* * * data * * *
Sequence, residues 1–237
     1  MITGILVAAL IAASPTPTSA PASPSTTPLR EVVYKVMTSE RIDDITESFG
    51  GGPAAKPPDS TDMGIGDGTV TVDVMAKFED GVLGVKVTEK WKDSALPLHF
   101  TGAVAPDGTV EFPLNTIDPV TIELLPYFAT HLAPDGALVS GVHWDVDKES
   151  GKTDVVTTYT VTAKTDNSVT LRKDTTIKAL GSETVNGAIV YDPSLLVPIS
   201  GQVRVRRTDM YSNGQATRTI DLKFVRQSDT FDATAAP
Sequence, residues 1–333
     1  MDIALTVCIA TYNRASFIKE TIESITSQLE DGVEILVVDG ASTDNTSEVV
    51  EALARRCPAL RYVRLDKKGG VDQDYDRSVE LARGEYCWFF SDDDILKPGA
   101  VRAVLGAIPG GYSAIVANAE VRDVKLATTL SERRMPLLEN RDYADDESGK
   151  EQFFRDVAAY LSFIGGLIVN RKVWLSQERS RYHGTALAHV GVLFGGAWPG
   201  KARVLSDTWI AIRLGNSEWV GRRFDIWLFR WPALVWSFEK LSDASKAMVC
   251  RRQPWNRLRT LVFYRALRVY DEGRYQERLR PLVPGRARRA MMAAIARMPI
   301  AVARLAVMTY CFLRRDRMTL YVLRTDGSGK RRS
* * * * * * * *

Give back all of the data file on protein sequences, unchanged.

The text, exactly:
Sequence, residues 1–237
     1  MITGILVAAL IAASPTPTSA PASPSTTPLR EVVYKVMTSE RIDDITESFG
    51  GGPAAKPPDS TDMGIGDGTV TVDVMAKFED GVLGVKVTEK WKDSALPLHF
   101  TGAVAPDGTV EFPLNTIDPV TIELLPYFAT HLAPDGALVS GVHWDVDKES
   151  GKTDVVTTYT VTAKTDNSVT LRKDTTIKAL GSETVNGAIV YDPSLLVPIS
   201  GQVRVRRTDM YSNGQATRTI DLKFVRQSDT FDATAAP
Sequence, residues 1–333
     1  MDIALTVCIA TYNRASFIKE TIESITSQLE DGVEILVVDG ASTDNTSEVV
    51  EALARRCPAL RYVRLDKKGG VDQDYDRSVE LARGEYCWFF SDDDILKPGA
   101  VRAVLGAIPG GYSAIVANAE VRDVKLATTL SERRMPLLEN RDYADDESGK
   151  EQFFRDVAAY LSFIGGLIVN RKVWLSQERS RYHGTALAHV GVLFGGAWPG
   201  KARVLSDTWI AIRLGNSEWV GRRFDIWLFR WPALVWSFEK LSDASKAMVC
   251  RRQPWNRLRT LVFYRALRVY DEGRYQERLR PLVPGRARRA MMAAIARMPI
   301  AVARLAVMTY CFLRRDRMTL YVLRTDGSGK RRS